Here lives an orphaned ward named Lyra Belacqua, whose carefree life among the scholars at Oxford’s Jordan College is shattered by the arrival of two powerful visitors. First, her fearsome uncle, Lord Asriel, appears with evidence of mystery and danger in the far North, including photographs of a mysterious celestial phenomenon called Dust and the dim outline of a city suspended in the Aurora Borealis that he suspects is part of an alternate universe. He leaves Lyra in the care of Mrs. Coulter, an enigmatic scholar and explorer who offers to give Lyra the attention her uncle has long refused her. In this multilayered narrative, however,nothing is as it seems. Lyra sets out for the top of the world in search of her kidnapped playmate, Roger, bearing a rare truth-telling instrument, the compass of the title. All around her children are disappearing—victims of so-called “Gobblers”—and being used as subjects in terrible experiments that separate humans from their daemons, creatures that reflect each person’s inner being. And somehow, both Lord Asriel and Mrs. Coulter are involved.

What did I think?:

This book was my choice for the November read of the Kid-Lit Challenge that I participate in with my sister and firstly, I cannot believe I haven’t read any Philip Pullman before. Having heard a lot about the Dark Materials series, I was eager to include it in the challenge (any excuse for a return to childhood…) and am so glad I did. Our heroine is a young girl called Lyra Belacqua who lives amongst the scholars in Jordan College, but enjoys a happy and free existence amongst the street children of the town who become her playmates. Things become slightly more sinister for Lyra however, when her uncle (Lord Asriel) pays a visit. Lyra hides in a wardrobe and happens to witness one of the scholars attempting to poison him. Then she hears her uncle give a lecture to the scholars which both terrifies and intrigues her. Something about “dust” and the separation of children from their daemon counterparts makes her blood run cold, and starts an exciting and dangerous journey for Lyra and her faithful daemon Pantalaimon which involves kidnapped children, travelling gypsies, armoured polar bears and flying witches.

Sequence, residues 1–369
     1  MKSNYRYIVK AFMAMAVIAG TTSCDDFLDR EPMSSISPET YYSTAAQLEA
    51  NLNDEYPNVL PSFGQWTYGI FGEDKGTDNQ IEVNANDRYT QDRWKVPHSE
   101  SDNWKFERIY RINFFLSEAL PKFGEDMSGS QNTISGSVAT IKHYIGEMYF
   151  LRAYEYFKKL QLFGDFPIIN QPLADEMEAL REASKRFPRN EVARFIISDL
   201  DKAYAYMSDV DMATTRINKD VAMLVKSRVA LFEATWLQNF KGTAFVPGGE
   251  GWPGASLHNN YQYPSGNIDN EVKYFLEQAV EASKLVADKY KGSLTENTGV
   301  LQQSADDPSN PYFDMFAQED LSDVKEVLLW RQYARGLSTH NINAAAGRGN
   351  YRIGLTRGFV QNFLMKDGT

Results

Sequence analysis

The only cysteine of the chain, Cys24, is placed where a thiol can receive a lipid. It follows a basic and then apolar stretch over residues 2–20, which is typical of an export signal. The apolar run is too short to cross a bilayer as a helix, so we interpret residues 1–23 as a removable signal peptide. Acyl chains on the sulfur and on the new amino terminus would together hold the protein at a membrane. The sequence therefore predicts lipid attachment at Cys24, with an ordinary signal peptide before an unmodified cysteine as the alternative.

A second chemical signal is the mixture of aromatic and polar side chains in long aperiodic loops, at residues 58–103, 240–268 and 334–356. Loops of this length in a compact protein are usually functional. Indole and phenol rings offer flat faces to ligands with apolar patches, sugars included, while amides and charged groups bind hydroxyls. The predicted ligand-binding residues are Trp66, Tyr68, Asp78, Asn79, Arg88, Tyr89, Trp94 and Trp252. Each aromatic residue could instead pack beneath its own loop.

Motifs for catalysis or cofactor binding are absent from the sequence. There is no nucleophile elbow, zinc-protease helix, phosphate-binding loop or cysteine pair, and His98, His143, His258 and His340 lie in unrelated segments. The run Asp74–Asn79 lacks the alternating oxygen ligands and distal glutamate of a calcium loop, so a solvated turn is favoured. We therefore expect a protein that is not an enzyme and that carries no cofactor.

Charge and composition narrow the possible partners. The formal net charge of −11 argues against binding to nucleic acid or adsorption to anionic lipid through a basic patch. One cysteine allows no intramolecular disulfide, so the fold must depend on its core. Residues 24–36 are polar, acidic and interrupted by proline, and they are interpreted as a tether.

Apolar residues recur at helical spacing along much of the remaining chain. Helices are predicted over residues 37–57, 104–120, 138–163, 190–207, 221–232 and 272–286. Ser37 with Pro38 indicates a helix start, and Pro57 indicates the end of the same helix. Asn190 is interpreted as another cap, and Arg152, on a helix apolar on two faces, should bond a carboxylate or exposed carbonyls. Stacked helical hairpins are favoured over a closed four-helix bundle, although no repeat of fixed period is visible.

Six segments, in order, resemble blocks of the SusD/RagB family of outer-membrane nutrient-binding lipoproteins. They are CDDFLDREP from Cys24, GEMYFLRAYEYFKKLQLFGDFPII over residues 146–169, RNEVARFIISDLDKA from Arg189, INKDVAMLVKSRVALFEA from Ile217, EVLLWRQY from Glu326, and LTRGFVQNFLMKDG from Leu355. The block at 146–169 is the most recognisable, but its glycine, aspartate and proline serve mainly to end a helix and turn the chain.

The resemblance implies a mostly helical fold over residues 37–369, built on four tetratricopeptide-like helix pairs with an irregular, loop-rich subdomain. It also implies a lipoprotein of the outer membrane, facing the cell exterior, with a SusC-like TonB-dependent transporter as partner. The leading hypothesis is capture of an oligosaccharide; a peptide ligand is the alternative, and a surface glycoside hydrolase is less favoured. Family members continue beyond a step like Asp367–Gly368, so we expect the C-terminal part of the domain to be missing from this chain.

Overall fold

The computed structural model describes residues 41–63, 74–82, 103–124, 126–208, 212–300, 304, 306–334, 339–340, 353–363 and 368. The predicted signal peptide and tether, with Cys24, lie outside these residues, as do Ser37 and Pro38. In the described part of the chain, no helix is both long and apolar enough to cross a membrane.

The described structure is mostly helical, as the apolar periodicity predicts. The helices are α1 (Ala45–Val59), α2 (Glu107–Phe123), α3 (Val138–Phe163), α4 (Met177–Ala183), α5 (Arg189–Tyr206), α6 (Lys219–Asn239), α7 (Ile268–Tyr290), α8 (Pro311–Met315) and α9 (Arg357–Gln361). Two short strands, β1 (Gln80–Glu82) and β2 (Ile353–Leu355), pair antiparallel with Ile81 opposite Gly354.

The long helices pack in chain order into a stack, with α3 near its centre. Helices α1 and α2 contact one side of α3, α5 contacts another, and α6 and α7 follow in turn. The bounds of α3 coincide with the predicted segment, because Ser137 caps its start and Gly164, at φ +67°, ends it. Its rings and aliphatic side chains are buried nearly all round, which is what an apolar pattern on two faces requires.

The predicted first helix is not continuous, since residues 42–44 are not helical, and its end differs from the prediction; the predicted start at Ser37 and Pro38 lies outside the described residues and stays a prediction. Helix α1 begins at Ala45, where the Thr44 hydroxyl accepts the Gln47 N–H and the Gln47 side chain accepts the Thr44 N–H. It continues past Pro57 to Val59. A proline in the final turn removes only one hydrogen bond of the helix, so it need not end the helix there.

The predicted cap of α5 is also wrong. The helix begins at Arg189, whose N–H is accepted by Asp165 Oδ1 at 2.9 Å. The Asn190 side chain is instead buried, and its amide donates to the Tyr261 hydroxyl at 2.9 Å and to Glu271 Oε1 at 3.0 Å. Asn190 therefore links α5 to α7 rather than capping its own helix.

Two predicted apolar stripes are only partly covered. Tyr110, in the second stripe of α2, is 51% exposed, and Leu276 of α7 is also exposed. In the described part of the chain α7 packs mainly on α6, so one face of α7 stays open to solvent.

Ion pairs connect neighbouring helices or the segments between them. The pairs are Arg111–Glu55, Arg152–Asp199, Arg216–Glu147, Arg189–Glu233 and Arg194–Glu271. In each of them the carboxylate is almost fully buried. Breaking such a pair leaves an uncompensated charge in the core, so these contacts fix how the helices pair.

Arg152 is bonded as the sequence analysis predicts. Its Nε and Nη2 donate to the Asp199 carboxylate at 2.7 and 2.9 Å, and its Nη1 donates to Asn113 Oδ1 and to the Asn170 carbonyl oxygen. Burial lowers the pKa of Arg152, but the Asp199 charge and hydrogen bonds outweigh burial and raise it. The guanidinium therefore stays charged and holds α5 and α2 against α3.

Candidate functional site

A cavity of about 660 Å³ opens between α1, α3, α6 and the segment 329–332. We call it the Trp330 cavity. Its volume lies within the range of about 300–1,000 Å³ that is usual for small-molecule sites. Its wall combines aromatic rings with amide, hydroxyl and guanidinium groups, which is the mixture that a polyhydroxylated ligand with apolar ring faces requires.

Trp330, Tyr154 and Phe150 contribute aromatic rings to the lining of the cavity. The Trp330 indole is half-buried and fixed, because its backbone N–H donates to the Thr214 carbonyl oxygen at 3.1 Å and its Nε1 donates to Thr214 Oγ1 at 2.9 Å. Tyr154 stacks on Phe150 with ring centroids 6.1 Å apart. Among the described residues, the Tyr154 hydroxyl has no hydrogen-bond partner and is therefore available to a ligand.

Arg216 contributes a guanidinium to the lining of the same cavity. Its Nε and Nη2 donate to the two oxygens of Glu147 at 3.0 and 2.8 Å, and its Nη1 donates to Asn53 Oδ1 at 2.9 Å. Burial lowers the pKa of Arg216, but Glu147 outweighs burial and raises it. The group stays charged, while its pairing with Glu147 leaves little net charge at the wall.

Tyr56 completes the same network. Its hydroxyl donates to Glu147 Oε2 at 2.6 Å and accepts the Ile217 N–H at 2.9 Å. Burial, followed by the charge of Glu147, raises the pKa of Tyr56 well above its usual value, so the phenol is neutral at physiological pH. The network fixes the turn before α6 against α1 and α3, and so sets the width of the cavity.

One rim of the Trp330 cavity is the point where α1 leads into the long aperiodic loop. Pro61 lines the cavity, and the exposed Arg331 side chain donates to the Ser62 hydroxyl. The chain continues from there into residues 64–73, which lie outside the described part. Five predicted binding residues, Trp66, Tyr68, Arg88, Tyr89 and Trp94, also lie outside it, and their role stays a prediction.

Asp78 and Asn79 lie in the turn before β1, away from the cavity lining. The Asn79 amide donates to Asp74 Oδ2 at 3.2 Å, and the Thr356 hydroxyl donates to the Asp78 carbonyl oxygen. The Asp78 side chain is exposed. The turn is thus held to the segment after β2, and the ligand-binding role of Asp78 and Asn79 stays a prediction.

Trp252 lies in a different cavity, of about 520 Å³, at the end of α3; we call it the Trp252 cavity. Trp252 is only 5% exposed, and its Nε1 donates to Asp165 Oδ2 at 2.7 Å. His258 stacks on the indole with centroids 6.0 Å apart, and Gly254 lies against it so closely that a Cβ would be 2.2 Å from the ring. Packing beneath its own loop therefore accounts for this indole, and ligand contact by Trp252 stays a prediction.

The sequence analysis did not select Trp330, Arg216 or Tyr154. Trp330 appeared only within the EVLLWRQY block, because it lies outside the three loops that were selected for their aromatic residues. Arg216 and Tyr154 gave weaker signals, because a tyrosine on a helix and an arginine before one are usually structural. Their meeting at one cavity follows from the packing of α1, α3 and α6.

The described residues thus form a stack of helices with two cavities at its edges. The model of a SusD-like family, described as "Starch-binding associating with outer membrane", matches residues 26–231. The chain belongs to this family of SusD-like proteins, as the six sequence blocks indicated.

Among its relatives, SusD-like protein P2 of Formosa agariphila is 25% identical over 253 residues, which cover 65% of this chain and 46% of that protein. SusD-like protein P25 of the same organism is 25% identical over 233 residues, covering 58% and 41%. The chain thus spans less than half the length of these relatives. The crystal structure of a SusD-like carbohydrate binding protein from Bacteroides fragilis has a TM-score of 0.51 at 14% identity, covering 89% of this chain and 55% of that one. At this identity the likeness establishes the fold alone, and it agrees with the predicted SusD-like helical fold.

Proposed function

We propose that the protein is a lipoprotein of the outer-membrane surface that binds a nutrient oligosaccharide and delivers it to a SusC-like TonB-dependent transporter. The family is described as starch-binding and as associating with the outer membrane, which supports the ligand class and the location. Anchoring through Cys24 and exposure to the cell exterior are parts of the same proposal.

There are so many different layers to this story that at times it seems hard to keep up and in this way, may not be suitable for very young readers although I wouldn’t like to under-estimate them! One of my favourite parts of the story was the idea of each person having a daemon which is able to shift to differing animals during childhood depending on the situation and the mood the child is experiencing. For example, Lyra’s daemon shifts from a moth or a mouse when he needs to hide or assess a situation, to a bird or a panther for protection. Around the time of puberty, the daemon will choose one form and stick to it for the rest of the child’s life which may be based on the child’s own personality. The daemon is also so intimately connected with the child that they will both feel the other’s pain, or any other emotional sensations. I challenge anyone to read this book and not wonder what their own particular daemon would be? For me, I’m thinking ring-tailed lemur or emperor tamarin monkey but anyway…

As for the characters, I think they’re amongst the most wonderful ever written in literature. A strong statement I know, but I love the gutsy, honest and open Lyra, who is clearly a role model for children everywhere, the evil persuasiveness of Mrs Coulter, the fighting spirit and loyalty of the armoured bear Iorek Byrnison and the vivid imagery behind the author’s animal daemons. The story itself is very convoluted as mentioned before, but filled with excitement and drama that had me racing towards the end and can be enjoyed by children and adults alike. I can’t wait now to read the second in the series – The Subtle Knive, and am intrigued to watch the film starring Nicole Kidman and Daniel Craig, to see how good a job they made of it.

Please see my sister Chrissi’s fabulous post HERE for her views on this book.

Would I recommend it?:

But of course!

Star rating (out of 5):